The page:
Sometimes the biggest challenge for an artist is the dreaded portrait. Countless expressive souls throw away their equipment in frustration, vowing to never feel so humiliated. While this sounds melodramatic, it is all-too-common. We are here to tell you that it’s okay and that we have a few tips for you.
This is as basic as it gets. Start with a photo of someone’s face. It can’t be just any photo, though. For starters, try to find a photo with a strong contrast between light and darkness. If you wish, you could try with a black and white portrait first, to get the right feeling. This is a good starting point and we can move easily from here.
To get the right idea about how the face looks and its lines, it is a good idea to make a rough sketch for yourself. This is going to be the skeleton on which you are going to paint later. You are not going to be following the lines closely, so don’t worry too much about it. The rest of the body comes later.
Eyes are perfect for those that are not sure about their technique. They are the easiest to paint and they give you a good idea about the rest of your subject’s face. If your subject has any eye-wear, don’t try to make it perfect. In fact, it would be a good idea to mess it up a little, so that the focus can be on the eyes themselves.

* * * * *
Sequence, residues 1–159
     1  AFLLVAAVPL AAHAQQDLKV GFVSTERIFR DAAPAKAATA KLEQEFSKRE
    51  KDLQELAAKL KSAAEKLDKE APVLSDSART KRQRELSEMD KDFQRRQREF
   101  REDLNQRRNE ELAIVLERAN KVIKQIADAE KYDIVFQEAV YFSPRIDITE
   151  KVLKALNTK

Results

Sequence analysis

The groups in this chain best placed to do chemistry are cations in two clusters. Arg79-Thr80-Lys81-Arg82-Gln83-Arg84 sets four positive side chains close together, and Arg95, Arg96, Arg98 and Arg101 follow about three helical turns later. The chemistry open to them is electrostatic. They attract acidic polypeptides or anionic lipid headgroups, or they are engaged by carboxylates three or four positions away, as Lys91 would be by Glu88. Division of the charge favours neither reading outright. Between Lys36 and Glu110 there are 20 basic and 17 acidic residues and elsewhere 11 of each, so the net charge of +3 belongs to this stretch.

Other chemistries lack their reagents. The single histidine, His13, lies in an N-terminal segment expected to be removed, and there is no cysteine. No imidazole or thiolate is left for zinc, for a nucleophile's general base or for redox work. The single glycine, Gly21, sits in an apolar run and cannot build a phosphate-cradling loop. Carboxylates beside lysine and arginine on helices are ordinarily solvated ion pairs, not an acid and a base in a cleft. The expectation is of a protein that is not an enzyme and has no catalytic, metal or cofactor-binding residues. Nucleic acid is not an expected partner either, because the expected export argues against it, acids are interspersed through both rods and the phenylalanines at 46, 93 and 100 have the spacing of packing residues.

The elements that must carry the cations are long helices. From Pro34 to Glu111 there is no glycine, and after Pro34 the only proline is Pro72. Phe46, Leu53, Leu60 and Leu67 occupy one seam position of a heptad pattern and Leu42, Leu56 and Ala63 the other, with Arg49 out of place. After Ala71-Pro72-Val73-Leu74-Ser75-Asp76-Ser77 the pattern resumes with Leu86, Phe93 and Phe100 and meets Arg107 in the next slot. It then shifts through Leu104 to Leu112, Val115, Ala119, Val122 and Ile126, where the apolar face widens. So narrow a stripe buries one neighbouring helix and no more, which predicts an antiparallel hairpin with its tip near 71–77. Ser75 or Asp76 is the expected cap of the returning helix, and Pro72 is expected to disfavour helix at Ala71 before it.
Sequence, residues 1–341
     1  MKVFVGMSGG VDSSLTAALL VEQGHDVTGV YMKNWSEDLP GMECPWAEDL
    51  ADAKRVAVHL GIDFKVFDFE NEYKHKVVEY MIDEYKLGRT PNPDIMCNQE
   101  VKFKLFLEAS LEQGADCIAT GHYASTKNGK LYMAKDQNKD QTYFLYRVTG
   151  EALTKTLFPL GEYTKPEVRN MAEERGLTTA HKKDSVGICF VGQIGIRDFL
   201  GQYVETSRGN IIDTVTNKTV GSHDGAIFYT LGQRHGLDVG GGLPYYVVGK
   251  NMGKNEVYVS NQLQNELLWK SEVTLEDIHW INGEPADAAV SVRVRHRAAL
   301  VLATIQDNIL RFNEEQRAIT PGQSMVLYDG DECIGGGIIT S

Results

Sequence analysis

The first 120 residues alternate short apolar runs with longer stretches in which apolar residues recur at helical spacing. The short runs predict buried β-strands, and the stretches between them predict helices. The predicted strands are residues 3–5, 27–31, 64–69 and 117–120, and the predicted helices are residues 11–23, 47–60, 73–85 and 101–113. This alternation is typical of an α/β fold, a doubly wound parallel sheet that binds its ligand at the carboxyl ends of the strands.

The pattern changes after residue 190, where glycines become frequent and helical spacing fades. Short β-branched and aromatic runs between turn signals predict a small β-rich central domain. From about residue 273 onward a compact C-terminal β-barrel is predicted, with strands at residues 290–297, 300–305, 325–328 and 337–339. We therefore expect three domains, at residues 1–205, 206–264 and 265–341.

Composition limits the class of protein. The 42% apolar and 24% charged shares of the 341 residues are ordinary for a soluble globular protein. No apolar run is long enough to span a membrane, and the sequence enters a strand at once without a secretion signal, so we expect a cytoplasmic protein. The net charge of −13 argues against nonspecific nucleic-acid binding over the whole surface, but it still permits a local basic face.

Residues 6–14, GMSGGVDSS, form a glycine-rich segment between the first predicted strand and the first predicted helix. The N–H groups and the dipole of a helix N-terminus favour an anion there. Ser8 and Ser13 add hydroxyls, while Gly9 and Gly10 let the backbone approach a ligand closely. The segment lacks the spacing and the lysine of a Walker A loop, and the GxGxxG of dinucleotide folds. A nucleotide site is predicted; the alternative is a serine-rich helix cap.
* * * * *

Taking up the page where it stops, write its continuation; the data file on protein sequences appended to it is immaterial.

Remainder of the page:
Dark and Light
We’ve said that painting something in black and white may be a good starting point. This is because it is easier and more precise to paint with the dark tones first and then the light ones. You are allowed to blend, but we would recommend focusing on connecting your brush strokes. We are not aiming for perfection. We just need to make it better than it was.
Using neutral colors to show your subject’s features allows you to experiment more with the contrast. In fact, natural colors almost guarantee you won’t mess up. After you have handled the features, you can experiment with different shades to emphasize or diminish certain areas.
When painting, some artists (more specifically – alla prima artists) like to use tiles. They paint while the oil paint is still wet. This allows the artist to blend the brushstrokes with others, allowing a smooth transition between the darker and the lighter areas of the face.
You may have expected an ancient special secret for the end. However, we have nothing left but a bit of common sense. When you complete your portrait, especially if you are disappointed in the result, try again, from the top. You are going to see a major improvement in just a couple of years. Don’t take our word for it. Artists seeking validation on social media platforms often show their old works next to the new ones.